Queen Elizabeth II voiced the ruling coalition's bid to offer economic hope and win back voters after its worst few weeks yet in her annual address to the British parliament.
New laws in the coming year would focus on "economic growth, justice and constitutional reform", the queen said, while "the first priority will be to reduce the deficit and restore economic stability".
The two-year-old government's pursuit of deep spending cuts to reduce the deficit was one reason for a drubbing received by the Conservatives and their Liberal Democrat partners in local elections last week.
In a break with tradition, Conservative Prime Minister David Cameron and his Liberal Democrat deputy Nick Clegg jointly wrote an introduction to the speech, promising to "stretch every sinew to return growth to the economy".
The government will also reform parliament's upper chamber, the non-elected House of Lords, the queen said.
It will also force banks to separate their retail and investment divisions to shield ordinary people from future financial crisis.
The speech pledged pro-business moves, attacking red tape and reforming competition laws.
In a move likely to spark clashes with unions, it committed to an overhaul of state and private pensions.
After several symbolic shareholder revolts over executive pay, the government said it would move to give shareholders the power to vote down big companies' planned pay schemes.
While the queen said from her throne in the Lords that the upper chamber would be reformed from the current largely appointed body, she gave no timeframe. Nor did the speech specify the proportion of elected members, in what appeared to be a concession to critics of the plan.
Under Lib Dem pressure and despite opposition from some Conservative lawmakers, the government has backed Lords reform, a subject that has been debated for decades.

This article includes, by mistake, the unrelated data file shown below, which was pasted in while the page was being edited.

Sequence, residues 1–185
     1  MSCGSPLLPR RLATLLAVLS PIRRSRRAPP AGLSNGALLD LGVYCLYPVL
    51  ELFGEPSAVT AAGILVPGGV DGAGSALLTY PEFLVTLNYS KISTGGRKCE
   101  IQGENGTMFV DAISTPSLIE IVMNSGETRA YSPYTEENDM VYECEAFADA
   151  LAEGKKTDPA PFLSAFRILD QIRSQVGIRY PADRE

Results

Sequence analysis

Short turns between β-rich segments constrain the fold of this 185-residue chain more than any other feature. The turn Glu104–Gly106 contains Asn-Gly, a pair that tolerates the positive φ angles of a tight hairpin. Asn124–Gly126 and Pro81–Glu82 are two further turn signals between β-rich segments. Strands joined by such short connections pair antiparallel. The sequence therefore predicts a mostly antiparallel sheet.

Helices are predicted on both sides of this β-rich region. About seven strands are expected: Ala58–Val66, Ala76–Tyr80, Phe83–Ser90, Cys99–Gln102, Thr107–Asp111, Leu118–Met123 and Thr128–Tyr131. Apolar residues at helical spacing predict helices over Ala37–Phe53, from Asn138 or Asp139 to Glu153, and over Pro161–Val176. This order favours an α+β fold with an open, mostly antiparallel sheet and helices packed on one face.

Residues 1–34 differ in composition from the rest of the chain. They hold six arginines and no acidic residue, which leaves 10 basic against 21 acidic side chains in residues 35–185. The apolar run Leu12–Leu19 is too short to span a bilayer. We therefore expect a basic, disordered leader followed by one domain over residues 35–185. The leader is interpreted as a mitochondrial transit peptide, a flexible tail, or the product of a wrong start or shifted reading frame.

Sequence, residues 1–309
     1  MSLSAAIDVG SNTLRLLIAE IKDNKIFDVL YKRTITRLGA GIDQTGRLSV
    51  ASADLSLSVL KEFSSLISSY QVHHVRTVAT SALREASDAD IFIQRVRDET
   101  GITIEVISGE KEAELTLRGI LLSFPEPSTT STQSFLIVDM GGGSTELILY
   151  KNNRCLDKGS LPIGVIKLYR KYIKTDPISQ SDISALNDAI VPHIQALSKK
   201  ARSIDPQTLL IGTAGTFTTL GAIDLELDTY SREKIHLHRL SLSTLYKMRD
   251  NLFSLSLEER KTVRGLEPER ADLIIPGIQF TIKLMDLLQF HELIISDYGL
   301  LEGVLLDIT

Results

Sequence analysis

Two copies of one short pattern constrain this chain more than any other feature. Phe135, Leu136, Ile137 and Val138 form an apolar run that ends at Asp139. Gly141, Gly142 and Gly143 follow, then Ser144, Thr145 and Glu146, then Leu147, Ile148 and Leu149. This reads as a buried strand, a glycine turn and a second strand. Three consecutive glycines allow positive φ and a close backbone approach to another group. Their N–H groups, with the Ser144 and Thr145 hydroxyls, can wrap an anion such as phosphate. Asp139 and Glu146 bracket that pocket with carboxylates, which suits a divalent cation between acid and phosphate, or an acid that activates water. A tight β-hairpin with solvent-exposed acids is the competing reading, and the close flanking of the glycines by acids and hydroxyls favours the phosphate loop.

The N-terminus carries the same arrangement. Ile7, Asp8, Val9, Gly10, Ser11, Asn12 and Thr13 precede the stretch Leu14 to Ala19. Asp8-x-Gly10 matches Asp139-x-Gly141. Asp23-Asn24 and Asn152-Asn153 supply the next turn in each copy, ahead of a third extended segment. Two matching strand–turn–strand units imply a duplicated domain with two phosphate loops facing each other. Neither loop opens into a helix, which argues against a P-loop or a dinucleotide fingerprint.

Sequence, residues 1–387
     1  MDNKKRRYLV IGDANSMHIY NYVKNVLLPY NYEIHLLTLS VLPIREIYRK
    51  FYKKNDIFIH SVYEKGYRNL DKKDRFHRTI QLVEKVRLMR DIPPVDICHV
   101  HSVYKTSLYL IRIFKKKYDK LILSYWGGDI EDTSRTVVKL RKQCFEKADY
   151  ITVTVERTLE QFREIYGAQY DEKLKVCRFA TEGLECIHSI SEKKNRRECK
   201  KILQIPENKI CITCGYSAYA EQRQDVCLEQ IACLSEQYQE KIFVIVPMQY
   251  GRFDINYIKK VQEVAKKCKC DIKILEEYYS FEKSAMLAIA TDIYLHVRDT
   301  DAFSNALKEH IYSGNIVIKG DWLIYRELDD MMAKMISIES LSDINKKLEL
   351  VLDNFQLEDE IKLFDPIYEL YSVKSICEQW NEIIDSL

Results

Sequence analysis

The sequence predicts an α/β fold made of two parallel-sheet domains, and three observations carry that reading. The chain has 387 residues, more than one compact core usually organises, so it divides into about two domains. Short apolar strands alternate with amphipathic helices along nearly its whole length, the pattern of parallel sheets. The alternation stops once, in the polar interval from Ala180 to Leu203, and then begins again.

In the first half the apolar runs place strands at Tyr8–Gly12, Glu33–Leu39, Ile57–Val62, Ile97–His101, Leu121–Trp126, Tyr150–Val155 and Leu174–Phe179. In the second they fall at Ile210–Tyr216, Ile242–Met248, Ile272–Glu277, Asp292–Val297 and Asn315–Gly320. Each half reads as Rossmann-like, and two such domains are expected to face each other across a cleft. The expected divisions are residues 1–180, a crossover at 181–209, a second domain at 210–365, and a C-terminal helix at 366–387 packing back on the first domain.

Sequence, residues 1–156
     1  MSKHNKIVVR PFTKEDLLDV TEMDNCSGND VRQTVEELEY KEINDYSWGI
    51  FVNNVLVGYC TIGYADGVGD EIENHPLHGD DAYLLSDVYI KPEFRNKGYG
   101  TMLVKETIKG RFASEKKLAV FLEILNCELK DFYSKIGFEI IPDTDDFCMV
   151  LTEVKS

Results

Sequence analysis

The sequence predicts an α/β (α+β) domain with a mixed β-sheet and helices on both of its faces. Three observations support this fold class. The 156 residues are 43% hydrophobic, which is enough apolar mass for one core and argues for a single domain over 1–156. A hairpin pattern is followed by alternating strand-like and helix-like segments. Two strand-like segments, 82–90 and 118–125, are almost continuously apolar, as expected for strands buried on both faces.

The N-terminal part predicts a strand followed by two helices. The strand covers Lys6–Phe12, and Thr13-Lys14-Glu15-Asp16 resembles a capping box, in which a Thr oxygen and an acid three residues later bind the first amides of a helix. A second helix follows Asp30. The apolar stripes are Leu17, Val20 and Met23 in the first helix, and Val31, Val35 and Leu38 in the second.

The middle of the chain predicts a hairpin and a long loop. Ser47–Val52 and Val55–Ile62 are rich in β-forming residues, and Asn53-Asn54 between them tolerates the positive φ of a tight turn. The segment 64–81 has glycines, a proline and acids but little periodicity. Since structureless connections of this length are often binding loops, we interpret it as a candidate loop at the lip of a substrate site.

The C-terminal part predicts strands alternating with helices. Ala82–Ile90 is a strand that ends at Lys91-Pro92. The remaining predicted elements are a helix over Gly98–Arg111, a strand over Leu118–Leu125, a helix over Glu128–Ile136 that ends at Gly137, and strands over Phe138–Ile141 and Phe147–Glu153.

Conservatives opponents of reform have dismissed the issue as a distraction from the more important fight to revive the economy.
The government also plans to move forward with plans to create an FBI-style National Crime Agency to fight organised crime and boost border security.
Britain's notoriously tough libel law is to get an overhaul aimed at discouraging trivial claims and "libel tourism" from foreigners seeking redress in British courts.
In a move condemned by civil liberties groups, a draft law will seek to give intelligence agencies more powers to monitor emails and web use, although this could change when it gets to parliament.
Wednesday's speech offered "no change and no hope", said opposition Labour leader Ed Miliband.
"Utility bills, the cost of getting to work: that is what is worrying families up and down the country. And what have the government got to say about it? Absolutely nothing," Miliband told parliament.
Absent from the speech were previously flagged plans for a legal commitment to giving 0.7 percent of GDP as overseas aid, and the introduction of full gay marriage -- a policy fiercely opposed by some Conservatives.
The coalition's mauling at the polls followed Britain's return to recession, a budget criticised for tax cuts for the rich, and questions over leaders' closeness to Rupert Murdoch's newspapers amid an inquiry into phone hacking.
Both coalition partners took heavy losses, while the opposition Labour party captured 32 councils.
Shortly after unveiling its future plans however, reports emerged that the government would backtrack on a previous commitment.
Defence Secretary Philip Hammond was on Thursday to announce the government was scrapping plans to buy the preferred fighter jet for its two new aircraft carriers due to delays and spiraling costs, the BBC reported.
Prime Minister David Cameron had wanted the F-35C joint strike fighter (JSF), but the cost of fitting the catapults and arrester gear required to the Royal Navy carriers had spiralled, the BBC said.
He has now returned to the previous Labour government decision to use the F-35B, a jump-jet variant.
The queen's speech is drawn up by government and approved by the cabinet. It is followed by by four to five days of debate.
In an age-old ceremony, an official called the "Black Rod" summoned lawmakers to the chamber, where they and the lords of the upper house heard the speech, the queen's 69th, read out from a handwritten script on vellum.